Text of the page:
Wednesday’s groundbreaking for a new biomedical sciences building at the Universities at Shady Grove was a moment some Montgomery County and Maryland officials thought might not happen.
“It’s taken a lot of deal making, but the building is about to break ground,” University System of Maryland Chancellor Robert Caret said before officials including Lt. Gov. Boyd Rutherford and County Executive Ike Leggett threw small shovelfuls of dirt up into the air at the afternoon event on the USG campus in Rockville.
Construction on the new $162 million cybersecurity, engineering and biomedical sciences building was nearly set back until 2020 after Gov. Larry Hogan delayed funding for the project in his fiscal 2017 capital budget.
But county lawmakers, led by Sen. Nancy King (D-Montgomery Village), managed to work out a deal with the governor during the 2016 General Assembly to restore part of the capital funding—$36.7 million—to allow construction to begin this year.
“In the middle of the session [this] year, if you asked me if I would be standing here, I would say no,” King said. “We were a little lucky on that one.”
King said after the groundbreaking that the governor knew how important the funding was and she was thrilled when he restored it about a week before the 2016 session ended.
3D models of the new building were on display Wednesday
The Universities at Shady Grove is a partnership between nine Maryland universities to offer 80 of the schools’ most popular degree programs at the campus on Gudelsky Drive.
On Wednesday, the legislative battles were forgotten in favor of a celebratory mood. The building is now scheduled to be completed in 2019.
Stewart Edelstein, executive director of the university, said the space provided in the science building will expand the number of students USG can serve from 4,000 to 7,500. The building will offer new degree programs such as drone engineering and information science as well as house new laboratory and classroom space and serve as the base for current programs such as mechanical engineering and cybersecurity.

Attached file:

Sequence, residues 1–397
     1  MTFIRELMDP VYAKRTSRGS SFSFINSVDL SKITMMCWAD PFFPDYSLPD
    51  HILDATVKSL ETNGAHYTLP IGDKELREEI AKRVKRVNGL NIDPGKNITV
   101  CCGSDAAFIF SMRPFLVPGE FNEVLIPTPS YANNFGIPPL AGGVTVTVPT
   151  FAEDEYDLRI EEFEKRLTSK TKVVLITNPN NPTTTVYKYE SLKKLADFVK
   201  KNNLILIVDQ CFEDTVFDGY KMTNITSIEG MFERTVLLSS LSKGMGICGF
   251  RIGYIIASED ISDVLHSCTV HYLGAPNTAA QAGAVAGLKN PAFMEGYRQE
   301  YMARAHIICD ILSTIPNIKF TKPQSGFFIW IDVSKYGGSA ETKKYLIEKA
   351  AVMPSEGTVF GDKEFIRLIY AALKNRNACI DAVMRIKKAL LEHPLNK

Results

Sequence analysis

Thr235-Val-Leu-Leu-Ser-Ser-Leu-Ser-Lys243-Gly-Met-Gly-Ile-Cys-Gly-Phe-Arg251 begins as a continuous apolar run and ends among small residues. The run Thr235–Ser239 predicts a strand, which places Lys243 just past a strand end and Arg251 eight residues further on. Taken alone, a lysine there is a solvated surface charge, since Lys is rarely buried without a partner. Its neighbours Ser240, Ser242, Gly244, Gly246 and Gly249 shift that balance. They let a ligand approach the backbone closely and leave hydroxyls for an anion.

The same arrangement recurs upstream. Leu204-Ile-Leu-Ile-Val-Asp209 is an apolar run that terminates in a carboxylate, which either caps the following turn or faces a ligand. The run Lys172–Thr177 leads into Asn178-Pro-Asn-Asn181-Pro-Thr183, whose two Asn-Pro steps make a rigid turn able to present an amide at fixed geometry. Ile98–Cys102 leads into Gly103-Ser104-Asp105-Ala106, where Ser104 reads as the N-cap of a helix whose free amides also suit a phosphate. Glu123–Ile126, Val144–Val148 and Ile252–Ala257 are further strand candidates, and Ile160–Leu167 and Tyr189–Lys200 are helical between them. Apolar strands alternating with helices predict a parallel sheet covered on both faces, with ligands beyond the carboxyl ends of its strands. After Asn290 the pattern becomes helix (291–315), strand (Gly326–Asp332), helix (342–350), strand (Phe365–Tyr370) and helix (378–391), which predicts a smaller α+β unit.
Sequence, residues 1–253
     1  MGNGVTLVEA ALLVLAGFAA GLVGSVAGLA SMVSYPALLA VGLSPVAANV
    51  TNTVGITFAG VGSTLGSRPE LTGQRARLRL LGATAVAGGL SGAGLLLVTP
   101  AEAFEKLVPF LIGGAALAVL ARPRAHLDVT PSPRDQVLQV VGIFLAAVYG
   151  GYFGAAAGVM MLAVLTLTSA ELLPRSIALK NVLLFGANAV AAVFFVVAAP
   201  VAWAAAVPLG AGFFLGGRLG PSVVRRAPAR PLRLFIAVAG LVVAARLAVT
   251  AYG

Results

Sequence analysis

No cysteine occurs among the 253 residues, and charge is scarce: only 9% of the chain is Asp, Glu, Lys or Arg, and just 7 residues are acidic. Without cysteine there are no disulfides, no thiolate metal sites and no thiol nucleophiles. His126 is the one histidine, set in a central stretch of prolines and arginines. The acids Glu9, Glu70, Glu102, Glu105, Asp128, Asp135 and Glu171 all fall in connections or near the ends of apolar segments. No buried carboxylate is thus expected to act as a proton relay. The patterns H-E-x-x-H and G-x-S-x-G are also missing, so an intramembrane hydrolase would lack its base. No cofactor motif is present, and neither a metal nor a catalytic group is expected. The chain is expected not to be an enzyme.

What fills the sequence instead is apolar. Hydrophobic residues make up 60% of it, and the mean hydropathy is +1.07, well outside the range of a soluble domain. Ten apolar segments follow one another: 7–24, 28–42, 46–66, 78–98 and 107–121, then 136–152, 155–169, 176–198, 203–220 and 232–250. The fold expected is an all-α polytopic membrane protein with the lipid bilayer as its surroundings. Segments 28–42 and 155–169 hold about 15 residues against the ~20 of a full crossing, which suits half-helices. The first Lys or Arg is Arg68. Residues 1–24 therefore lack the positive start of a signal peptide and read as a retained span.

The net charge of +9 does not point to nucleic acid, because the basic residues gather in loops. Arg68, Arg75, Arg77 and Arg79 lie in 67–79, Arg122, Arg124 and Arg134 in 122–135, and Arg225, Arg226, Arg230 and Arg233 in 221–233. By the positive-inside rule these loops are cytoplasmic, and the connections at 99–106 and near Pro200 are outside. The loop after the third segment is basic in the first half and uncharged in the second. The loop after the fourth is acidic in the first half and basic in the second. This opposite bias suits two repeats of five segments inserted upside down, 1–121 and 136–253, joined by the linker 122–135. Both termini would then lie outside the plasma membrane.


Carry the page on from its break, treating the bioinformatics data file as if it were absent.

“Degree completion is our No. 1 priority and keeping our talent in Maryland is our mission,” Edelstein said.
A sectional rendering of the new building. Via USG website
The 220,000-square-foot academic complex is budgeted for $80 million in state funding in fiscal 2018, which officials said will help complete construction of the building. Additional funds to outfit the building are expected to be budgeted in fiscal 2019.
Leggett said the new building will help educate the local workforce to fill cybersecurity, biomedical and information technology jobs at the companies that make up the county’s I-270 science corridor. The county helped move the project along by funding a now-built $26 million parking garage next to where the new building will be located on the university’s campus.
“We believed in this right from the start,” Leggett said. “That’s why the county built the garage next door. By doing this we send a very strong message about the workforce, connectivity to the community and how we want to grow the county’s economy.”
Leggett said about 90 percent of the university’s students live or work in Montgomery County.
“This kind of investment in our kids’ future and our community’s future sends a message to employers that we’re the place to be,” County Council President Nancy Floreen said. “This is what we’re all about, advancing talent in Montgomery County.”